Media and human rights groups expressed concerns over threats to journalists in the Philippines after another broadcaster was shot in Negros Oriental just before the end of 2018.
50-year-old radio announcer Gabriel Alburo, also known as “Kumander Aguila” in his show on local station 94.5 dyJL FM, was shot by motorcycle-riding men while he was walking on the way home in Guihulngan City, Negros Oriental at around 3:05 a.m. on Friday, December 28.
Local police recovered eleven empty shells of a .45 caliber pistol and a fired cartridge of 9mm pistol, according to a report by the Inquirer.
According to the same report, Senior Inspector Danilo Santillan, La Libertad police chief ruled out the motive behind the killing to be job-related as Alburo is believed to have figured in an altercation at a cockpit prior to his death.
Alburo was expected to run as a city councilor in the May 2019 elections.
While the motive for the killing remains unclear, some groups voiced their concern over the attacks on journalists in the country.
Commission on Human Rights Spokesperson Jacqueline de Guia condemned the attacks carried out by “riding in-tandem” perpetrators and urged the government to address the attacks.
“We equally call on the government to further intensify its efforts in guarding the rights of all, especially at this time of rampant human rights violation around,” she said.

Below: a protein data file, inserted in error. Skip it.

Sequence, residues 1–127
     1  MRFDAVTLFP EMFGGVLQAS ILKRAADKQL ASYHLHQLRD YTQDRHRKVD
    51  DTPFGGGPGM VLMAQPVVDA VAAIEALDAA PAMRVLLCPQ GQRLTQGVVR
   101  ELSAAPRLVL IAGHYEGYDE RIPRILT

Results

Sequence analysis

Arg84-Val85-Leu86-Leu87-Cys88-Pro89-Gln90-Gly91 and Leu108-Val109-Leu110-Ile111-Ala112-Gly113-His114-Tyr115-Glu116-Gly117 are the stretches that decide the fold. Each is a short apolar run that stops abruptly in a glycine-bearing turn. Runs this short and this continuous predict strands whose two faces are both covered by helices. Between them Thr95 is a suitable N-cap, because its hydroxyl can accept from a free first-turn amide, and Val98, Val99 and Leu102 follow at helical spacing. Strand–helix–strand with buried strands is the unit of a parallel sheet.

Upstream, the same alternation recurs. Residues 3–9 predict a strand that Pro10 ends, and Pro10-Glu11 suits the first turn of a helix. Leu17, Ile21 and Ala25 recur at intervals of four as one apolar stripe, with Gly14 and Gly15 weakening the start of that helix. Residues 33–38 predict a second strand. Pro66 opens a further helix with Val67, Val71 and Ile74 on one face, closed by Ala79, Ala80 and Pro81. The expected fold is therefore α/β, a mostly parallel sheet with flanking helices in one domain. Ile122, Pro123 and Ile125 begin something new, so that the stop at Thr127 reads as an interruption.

The National Union of Journalists of the Philippines meanwhile said that the killing of Alburo, if proven to be work-related, would be the 13th such killing of a journalist since the start of President Rodrigo Duterte’s administration in 2016 and the 186th killing since 1986.
Joel Salinas Pimentel, a radio announcer based in Surigao del Sur, survived an attempt on his life carried out by men on a motorcycle who shot at him while he was driving home on December 28, the same day as the attack on Alburo. Police are still investigating the attempt.
Philippines among “worst” places for journalists
A report published by the International Federation of Journalists just a week before Alburo’s death named the Philippines one of the worst countries in Southeast Asia for journalists in terms of impunity.
The Philippines had a ranking of 7.7 out of 10 according to the scale developed by the organization, beating other Southeast Asian countries such as Cambodia (6.1), Indonesia (7.4), Malaysia (6.3), Myanmar (7.5), and Timor-Leste (4.1).
The factors considered in the scale included cyber attacks, poor wages, censorship and government attacks on the workplace.
A report by the Philippine Center for Investigative Journalism recorded four killings of Filipino journalists in 2018 prior to Alburo’s death, making him the fifth such victim.
Apart from the killings, the IFJ noted that Filipino reporters and media outlets were also subject to harassment, online “trolling” and threats, with 85 reported cases from June 2016 to May 2018.